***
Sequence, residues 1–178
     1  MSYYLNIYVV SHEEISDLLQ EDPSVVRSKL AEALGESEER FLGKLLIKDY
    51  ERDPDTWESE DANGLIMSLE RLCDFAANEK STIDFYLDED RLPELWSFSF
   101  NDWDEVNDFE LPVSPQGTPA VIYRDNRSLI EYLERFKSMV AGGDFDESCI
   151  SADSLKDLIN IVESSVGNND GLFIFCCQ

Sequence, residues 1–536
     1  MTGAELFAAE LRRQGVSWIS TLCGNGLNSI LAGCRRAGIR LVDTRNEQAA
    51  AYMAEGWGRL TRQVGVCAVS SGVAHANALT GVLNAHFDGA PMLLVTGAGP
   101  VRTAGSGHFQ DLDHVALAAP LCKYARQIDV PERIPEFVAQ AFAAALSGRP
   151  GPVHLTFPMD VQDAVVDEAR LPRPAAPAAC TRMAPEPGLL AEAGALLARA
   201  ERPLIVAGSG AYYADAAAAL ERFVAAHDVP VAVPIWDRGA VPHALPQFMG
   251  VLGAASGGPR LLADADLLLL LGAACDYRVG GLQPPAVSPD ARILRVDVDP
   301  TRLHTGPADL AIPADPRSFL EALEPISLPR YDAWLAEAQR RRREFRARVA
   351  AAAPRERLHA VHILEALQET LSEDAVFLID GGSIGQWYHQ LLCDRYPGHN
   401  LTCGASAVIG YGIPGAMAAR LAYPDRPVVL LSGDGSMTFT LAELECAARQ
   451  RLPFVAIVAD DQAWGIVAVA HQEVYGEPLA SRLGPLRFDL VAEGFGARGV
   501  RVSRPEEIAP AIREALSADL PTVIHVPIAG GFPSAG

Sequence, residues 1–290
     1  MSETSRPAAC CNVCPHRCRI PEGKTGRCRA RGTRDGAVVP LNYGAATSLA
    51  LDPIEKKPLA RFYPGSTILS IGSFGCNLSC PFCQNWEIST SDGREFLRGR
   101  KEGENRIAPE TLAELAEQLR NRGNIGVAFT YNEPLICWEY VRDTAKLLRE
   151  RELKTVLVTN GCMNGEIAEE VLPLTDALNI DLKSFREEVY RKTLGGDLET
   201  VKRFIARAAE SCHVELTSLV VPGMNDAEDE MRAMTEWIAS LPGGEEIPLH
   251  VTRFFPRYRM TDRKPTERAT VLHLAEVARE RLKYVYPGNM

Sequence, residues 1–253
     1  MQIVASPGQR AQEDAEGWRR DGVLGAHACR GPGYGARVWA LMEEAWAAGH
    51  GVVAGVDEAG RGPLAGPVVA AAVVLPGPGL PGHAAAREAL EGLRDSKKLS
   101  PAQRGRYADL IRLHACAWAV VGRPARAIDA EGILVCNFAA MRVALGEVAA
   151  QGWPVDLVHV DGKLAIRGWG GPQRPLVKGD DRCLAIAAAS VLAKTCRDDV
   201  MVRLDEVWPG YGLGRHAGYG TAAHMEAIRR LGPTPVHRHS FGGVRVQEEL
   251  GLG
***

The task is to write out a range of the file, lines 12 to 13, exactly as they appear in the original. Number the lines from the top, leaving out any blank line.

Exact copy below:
   251  VLGAASGGPR LLADADLLLL LGAACDYRVG GLQPPAVSPD ARILRVDVDP
   301  TRLHTGPADL AIPADPRSFL EALEPISLPR YDAWLAEAQR RRREFRARVA